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July 21, 2016 at 7:00 pm

Securing password for use with .RegisterTaskDefinition()

I'm working on a helper function that registers a new task in Task Scheduler. The task is triggered by Event id 400, in the Windows PowerShell event log. The function is working as desired, with one exception- I am unable to secure the password. When passing in a SecureString I get a Type mismatch error. Is there any way I can use a secure credential here? Using a plain text password is not a valid option for me. I was unable to use the PSScheduledJob module, because New-JobTrigger does not seem to support 'When a specific system event occurs' as a trigger yet.

I've tried:

$taskRunasUserPwd = Read-Host 'Enter Your Password: ' –AsSecureString

and

$creds = Get-Credential

Then for the password value passed in:

$creds.Password

Both of these attempts yield this error message:

ERROR: Type mismatch. (Exception from HRESULT: 0x80020005 (DISP_E_TYPEMISMATCH))
qpo.ps1 (28, 1): ERROR: At Line: 28 char: 1
ERROR: + $rootFolder.RegisterTaskDefinition($name, $TaskDefinition, 6, $taskRu ...
ERROR: + ~~~~~~~~~~~~~~~~~~~~~~~~~~~~~~~~~~~~~~~~~~~~~~~~~~~~~~~~~~~~~~~~~~~~~
ERROR:     + CategoryInfo          : OperationStopped: (:) [], COMException
ERROR:     + FullyQualifiedErrorId : System.Runtime.InteropServices.COMException
ERROR:

Here is the full function:

#helper function
function Register-CustomTask
{
    param (
        [parameter(Mandatory = $true)]
        [ValidateNotNullOrEmpty()]
        [string]$TaskName,
        
        [int]$EventId = 400,
        
        [string]$Subscription = "<QueryList><Query Id='0'><Select Path='Windows PowerShell'>*[System[(EventID='400')]]</Select></Query></QueryList>"
    )
    Set-StrictMode -Version latest
    try
    {
        $Hostname = $Env:computername
        $Service = new-object -ComObject ("Schedule.Service")
        $Service.Connect($Hostname)
        $RootFolder = $Service.GetFolder("\")
        $TaskDefinition = $Service.NewTask(0)
        
        $regInfo = $TaskDefinition.RegistrationInfo
        $regInfo.Description = "$TaskName"
        $regInfo.Author = "$env:USERNAME"
        
        $settings = $taskDefinition.Settings
        $settings.Enabled = $true
        $settings.StartWhenAvailable = $true
        $settings.Hidden = $false
        
        $Triggers = $TaskDefinition.Triggers
        $Trigger = $Triggers.Create(0)
        $Trigger.Id = $EventId
        $Trigger.Subscription = $Subscription
        $Trigger.Enabled = $true
        
        $Action = $TaskDefinition.Actions.Create(0)
        $Action.Path = 'C:\Windows\System32\WindowsPowerShell\v1.0\powershell.exe'
        $Action.Arguments = "Import-Module Foo; New-Foo"
        
        $taskRunAsUser = $env:USERNAME
        #TODO secure password
        $taskRunAsUserPwd = Read-Host 'Enter Your Password: '
        $rootFolder.RegisterTaskDefinition($TaskName, $TaskDefinition, 6, $taskRunAsUser, $taskRunAsUserPwd, 1)
        Clear-Variable -Name taskRunAsUserPwd
    }
    catch { Write-Warning "Could not create task..." }
}

Register-CustomTask -TaskName 'foo'

edit: escaped angle brackets in $Subscription parameter

July 21, 2016 at 7:11 pm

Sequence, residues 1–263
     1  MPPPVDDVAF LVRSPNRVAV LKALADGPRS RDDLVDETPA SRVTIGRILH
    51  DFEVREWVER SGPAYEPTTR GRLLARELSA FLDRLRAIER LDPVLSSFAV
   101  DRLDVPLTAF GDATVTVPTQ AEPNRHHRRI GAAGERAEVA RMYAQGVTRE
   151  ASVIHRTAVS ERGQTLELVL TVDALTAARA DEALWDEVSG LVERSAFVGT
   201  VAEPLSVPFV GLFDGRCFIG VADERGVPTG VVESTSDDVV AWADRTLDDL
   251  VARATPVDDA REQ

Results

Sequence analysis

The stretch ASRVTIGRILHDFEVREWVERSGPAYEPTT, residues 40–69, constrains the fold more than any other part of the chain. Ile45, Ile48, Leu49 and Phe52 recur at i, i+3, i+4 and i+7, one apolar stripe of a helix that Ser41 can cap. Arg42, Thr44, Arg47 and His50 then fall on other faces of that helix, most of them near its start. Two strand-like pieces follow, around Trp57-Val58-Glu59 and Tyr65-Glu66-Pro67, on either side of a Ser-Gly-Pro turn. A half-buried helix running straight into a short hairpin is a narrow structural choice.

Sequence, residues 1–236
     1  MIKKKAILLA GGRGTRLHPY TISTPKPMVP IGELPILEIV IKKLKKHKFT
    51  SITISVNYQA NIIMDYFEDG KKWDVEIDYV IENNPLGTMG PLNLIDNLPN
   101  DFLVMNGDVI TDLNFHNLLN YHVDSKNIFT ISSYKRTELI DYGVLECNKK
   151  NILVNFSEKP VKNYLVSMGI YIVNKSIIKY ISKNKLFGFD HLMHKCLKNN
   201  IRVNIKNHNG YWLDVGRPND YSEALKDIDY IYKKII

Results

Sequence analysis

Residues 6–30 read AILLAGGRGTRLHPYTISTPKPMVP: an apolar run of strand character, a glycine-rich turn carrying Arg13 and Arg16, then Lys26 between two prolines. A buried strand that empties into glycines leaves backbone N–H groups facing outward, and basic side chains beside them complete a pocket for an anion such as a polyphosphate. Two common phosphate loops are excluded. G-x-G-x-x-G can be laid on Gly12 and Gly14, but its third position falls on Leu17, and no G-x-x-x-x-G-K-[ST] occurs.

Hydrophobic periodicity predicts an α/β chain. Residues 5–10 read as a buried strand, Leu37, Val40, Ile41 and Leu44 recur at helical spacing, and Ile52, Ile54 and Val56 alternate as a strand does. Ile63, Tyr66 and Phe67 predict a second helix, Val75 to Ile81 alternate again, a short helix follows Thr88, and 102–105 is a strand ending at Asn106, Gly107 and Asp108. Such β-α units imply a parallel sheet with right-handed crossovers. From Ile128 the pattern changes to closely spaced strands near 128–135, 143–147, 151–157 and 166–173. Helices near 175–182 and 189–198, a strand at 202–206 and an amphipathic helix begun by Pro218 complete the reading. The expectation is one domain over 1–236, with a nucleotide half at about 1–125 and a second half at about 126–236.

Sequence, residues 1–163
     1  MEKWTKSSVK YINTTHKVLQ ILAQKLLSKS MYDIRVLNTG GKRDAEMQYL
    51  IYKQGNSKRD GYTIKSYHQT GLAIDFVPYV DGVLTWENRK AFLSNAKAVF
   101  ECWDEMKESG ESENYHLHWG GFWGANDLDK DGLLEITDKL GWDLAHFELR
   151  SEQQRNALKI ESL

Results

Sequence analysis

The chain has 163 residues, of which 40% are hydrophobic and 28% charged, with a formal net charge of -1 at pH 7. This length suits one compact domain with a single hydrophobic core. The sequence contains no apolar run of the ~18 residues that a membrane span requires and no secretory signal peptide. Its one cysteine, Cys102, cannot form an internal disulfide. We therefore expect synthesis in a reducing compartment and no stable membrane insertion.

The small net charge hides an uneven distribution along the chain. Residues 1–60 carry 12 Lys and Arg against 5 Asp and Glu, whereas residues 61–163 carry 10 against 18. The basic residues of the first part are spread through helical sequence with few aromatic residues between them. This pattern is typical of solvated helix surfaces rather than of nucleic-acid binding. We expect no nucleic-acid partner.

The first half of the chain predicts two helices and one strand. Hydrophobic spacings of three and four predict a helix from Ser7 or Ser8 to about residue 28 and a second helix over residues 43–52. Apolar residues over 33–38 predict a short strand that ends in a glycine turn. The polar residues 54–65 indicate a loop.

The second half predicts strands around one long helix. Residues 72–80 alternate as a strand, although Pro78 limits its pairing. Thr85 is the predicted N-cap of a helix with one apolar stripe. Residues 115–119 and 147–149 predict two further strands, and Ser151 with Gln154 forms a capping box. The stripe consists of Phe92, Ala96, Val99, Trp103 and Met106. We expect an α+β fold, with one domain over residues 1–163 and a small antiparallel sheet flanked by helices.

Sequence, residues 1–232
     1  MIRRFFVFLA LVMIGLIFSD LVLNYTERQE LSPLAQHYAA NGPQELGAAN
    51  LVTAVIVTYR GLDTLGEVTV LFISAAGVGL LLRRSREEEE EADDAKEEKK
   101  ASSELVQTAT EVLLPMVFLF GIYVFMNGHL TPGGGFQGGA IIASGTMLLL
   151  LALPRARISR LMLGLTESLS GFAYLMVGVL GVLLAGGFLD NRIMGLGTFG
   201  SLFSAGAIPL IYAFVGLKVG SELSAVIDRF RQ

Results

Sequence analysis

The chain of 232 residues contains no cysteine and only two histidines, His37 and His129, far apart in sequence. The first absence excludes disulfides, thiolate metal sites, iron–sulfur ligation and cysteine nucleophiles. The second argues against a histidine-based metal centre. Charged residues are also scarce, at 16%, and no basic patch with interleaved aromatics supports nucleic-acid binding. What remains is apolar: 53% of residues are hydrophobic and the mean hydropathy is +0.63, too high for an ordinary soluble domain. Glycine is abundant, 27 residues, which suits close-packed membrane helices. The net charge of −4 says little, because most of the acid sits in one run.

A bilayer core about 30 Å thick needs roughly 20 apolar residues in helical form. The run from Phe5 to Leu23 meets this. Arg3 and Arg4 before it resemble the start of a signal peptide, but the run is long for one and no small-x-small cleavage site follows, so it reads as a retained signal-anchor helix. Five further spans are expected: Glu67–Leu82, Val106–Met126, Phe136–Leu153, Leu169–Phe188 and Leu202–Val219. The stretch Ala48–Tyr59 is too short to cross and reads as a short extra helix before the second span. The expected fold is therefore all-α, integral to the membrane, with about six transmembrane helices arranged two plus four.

After calling Get-Credential, if you need the plain-text password, you can do $creds.GetNetworkCredential().Password

July 21, 2016 at 7:20 pm

@dave Wyatt Thank you! That worked like a charm.

July 21, 2016 at 8:59 pm

At first I was shocked that the secured password field could be so accessed so easily. I found a great article by Ed Wilson explaining why it was designed this way and why it is not seen as a security issue.

I was also pleased to learn that PSCredential objects created with Import-Clixml do not appear to be subject to this extraction method.

$creds = Import-Clixml -Path C:\temp\MyCredential.xml
$creds.GetNetworkCredential() | fl *


#returns
UserName       : myUserName
Password       : System.Security.SecureString
SecurePassword : System.Security.SecureString
Domain         : 
  • This reply was modified 2 years, 2 months ago by  Trevor Freedland. Reason: spelling

July 21, 2016 at 9:46 pm

SecureStrings aren't there to keep it secret from the user running the script. 🙂 They're there to encrypt the password in memory, so it doesn't show up in dumps if an attacker manages to obtain one.

That said, an encrypted password is useless. You need to be able to convert it back to plain text in some way before you can use it, and if you need to use it in managed code, then it'll just wind up being a string in memory anyway. (Which makes the use of the SecureString sort of pointless, except in PowerShell where you can do things like mask input, encrypt the credential in DSC configs or files, etc.)

July 22, 2016 at 9:49 am

Trevor,

You can store credentials in an XML file, which is quite cool. Plus the password is encrypted.

$CredPath = "$home\Desktop\mycred.xml"
Get-Credential | Export-Clixml -Path $CredPath 

$CredPath = "$home\Desktop\mycred.xml"
$cred = Import-Clixml -Path $CredPath 

July 22, 2016 at 5:05 pm

Thanks Dave for the additional info, this structure makes sense to me now 🙂

Thanks Graham for the climxl note. I have an upcoming project that needs to handle 3rd party credentials in a manner that nobody (including me) has ability to view the password in plain text. I've been investigating clixml as a potential solution to meet that requirement.